California Covered is one of the most successful health insurance exchanges in country and it is no accident the state exchange has enrolled the largest number of “uninsured” in the country. 2.2 million have enrolled for private health plans across the country as of Dec. 31, 2013. Covered California is a commitment by the leadership in California, Governor Jerry Brown, who has been committed to the success of the Affordable Care Act since its inception. Of those 2.2 million, nearly 500 thousand residents of California are covered. Which means that the state has enrolled 22 percent of all the new enrollees, according to the California Healthline.
It is no accident that California is highly successful in a state that has its own health care exchange and has opted into the “Medicaid expansion.” Hundreds of thousands have qualified for Medi-Cal, the state’s Medicaid program. The options for Californians are plentiful. There is this example at O’Connor Hospital in San Jose, Calif. nothing like a captive audience. Araceli Martinez works in the building at the Hospital and runs the Health Benefits Resource Center just down the hall from the ER at the hospital. The Center has beefed up staffing and hours in response to the Affordable Care Act, says a report from NPR on enrolling “insured” patients in emergency rooms.
Seems the department pays for itself because 5,000 “uninsured” people come into O’Connor Hospital’s emergency department each year. It is the job Martinez and others that work at the Center to help the “uninsured” find health care coverage. The state of California has the highest number of “uninsured” in the country, with 7,106,100 residents according to the Kaiser Foundation, without coverage before Obamacare went into full swing and one of the highest percentages of “uninsured” at 19 percent of the population.
The resumption of commercial horse slaughter in the U.S. was blocked Friday as President Barack Obama signed a budget measure that withholds money for required federal inspections of the slaughtering process. Although the measure provides temporary funding for the federal government, it stops the Agriculture Department from spending money for inspections necessary for slaughterhouses to ship horse meat interstate and eventually export it to overseas consumers.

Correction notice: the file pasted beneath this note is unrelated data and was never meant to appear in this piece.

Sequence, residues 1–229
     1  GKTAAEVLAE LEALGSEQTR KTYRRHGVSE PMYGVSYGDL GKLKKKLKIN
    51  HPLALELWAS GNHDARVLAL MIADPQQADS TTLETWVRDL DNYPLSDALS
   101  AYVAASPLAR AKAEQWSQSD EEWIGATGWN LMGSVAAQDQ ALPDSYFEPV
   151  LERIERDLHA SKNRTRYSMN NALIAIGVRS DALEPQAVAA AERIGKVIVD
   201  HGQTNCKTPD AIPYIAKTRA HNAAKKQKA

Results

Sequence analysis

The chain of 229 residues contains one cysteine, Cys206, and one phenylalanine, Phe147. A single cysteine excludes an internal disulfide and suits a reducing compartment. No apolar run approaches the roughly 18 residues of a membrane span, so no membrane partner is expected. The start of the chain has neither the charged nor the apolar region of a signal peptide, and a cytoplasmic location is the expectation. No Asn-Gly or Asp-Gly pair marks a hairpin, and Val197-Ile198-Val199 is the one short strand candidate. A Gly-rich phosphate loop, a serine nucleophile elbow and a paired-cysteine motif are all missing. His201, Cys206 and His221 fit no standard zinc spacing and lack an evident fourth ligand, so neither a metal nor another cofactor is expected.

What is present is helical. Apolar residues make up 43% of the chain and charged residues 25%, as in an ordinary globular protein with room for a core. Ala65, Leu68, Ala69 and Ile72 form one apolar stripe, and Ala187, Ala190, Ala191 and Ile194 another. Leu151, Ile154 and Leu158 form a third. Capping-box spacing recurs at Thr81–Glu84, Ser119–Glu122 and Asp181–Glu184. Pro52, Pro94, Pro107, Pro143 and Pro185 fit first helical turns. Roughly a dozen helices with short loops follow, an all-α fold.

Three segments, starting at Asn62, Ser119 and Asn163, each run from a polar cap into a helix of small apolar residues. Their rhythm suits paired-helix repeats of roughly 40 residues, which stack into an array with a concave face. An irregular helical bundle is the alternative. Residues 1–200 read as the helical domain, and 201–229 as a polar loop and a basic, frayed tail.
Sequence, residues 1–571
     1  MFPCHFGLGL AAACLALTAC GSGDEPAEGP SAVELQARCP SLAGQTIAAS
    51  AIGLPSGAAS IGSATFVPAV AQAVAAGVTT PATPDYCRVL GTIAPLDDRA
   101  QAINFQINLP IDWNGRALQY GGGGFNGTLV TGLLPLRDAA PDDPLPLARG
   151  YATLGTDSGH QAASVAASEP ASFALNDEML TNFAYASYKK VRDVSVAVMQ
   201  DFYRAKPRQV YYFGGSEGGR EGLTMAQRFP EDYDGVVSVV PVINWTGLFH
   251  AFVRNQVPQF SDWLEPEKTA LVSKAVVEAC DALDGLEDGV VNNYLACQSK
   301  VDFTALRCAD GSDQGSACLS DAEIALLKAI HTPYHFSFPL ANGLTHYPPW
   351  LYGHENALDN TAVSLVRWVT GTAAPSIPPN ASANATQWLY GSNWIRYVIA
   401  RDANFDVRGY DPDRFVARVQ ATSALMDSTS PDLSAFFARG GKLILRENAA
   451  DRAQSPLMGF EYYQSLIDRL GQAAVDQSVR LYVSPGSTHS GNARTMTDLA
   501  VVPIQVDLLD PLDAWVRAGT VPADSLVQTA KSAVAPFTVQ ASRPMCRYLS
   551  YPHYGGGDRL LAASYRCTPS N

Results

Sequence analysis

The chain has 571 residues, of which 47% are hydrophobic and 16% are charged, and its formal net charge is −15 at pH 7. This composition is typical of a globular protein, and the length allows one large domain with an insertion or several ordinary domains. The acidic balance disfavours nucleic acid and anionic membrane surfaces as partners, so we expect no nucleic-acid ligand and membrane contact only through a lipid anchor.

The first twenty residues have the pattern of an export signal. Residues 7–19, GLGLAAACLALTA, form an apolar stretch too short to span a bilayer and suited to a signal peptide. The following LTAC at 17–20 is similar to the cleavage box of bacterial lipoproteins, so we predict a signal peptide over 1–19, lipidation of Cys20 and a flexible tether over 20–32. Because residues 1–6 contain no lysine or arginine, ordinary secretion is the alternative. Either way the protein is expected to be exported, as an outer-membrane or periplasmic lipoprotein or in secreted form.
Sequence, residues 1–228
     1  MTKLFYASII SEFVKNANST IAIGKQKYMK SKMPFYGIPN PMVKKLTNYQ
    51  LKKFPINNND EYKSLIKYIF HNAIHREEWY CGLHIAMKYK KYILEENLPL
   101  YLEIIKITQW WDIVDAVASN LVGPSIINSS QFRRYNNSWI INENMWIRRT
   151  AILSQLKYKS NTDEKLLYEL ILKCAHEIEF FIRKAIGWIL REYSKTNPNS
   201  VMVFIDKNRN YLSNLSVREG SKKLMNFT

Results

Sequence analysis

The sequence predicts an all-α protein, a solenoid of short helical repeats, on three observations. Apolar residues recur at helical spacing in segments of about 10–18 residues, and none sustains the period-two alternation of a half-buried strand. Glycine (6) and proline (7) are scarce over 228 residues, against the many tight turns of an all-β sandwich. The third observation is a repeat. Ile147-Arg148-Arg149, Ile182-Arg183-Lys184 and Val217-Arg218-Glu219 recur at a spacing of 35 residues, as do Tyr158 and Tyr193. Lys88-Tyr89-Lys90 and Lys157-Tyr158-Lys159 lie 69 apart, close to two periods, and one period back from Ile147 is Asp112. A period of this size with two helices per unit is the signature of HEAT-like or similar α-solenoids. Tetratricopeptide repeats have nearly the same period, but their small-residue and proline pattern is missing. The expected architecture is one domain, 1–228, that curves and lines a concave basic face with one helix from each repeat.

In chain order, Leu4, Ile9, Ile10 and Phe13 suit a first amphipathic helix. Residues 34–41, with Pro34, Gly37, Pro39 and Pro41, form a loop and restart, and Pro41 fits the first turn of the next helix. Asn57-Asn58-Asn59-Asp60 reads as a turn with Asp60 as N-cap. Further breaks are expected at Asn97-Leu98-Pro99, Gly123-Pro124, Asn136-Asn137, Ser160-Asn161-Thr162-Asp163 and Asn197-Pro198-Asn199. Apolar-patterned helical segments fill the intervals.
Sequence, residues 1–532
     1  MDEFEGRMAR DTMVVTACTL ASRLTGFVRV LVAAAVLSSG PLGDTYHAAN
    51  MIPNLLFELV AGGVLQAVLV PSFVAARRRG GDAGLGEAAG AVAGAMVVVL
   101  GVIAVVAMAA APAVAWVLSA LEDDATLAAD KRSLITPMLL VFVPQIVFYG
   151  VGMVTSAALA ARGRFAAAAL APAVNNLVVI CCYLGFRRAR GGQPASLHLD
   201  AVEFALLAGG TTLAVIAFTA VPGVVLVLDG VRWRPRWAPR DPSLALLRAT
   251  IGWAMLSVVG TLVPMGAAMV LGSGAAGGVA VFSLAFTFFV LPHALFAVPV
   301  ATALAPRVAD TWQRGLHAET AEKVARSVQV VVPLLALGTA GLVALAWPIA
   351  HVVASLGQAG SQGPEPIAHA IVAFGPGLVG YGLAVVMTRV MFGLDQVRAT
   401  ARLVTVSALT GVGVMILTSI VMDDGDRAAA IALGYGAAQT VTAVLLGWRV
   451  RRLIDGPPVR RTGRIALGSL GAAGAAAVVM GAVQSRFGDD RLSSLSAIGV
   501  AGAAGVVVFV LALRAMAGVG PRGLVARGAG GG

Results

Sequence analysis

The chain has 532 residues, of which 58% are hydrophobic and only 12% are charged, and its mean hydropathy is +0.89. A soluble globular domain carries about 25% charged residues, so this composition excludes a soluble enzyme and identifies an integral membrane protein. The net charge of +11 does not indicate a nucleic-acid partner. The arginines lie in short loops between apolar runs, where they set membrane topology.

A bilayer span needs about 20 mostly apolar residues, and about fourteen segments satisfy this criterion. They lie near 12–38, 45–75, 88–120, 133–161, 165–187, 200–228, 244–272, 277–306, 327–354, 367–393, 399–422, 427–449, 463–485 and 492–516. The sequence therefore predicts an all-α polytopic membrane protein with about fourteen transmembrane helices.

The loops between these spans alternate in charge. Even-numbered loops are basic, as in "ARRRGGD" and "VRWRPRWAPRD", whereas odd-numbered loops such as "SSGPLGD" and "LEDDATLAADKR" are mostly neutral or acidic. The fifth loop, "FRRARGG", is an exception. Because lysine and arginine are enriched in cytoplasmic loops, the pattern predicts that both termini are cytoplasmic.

“This clear message from Washington echoes the opinions of an overwhelming number of Americans from coast to coast: horse slaughter is abhorrent and unacceptable,” said Matt Bershadker, president and CEO of the American Society for the Prevention of Cruelty to Animals. The president’s action came as a New Mexico judge granted a preliminary injunction against a Roswell company from moving forward with its plans to start slaughtering horses.
TPM: Hoboken Mayor: Christie Team Shook Us Down For Sandy Relief
You may have already seen Mayor Zimmer in the news this week. Hoboken received only 1% of the aid they had requested for Hurricane Sandy relief and planning funds even though it was one of the hardest-hit communities in the state during the storm. At one point, 80% of the 50,000 person city was flooded. If you remember the footage of water gushing through an underground subway station, that was in Hoboken; it has, in fact, the highest per-capita use of public transit of any city in America. Yet so far the state of New Jersey has given the city about $350,000 from the billions of dollars in federal disaster relief and planning aid that it is charged with administering. That’s about $6 per resident. It has been enough to pay for one major planning study and to buy one backup generator for an $18 million emergency storm water pump. 50,000 people. 80% flooded. $6 a head.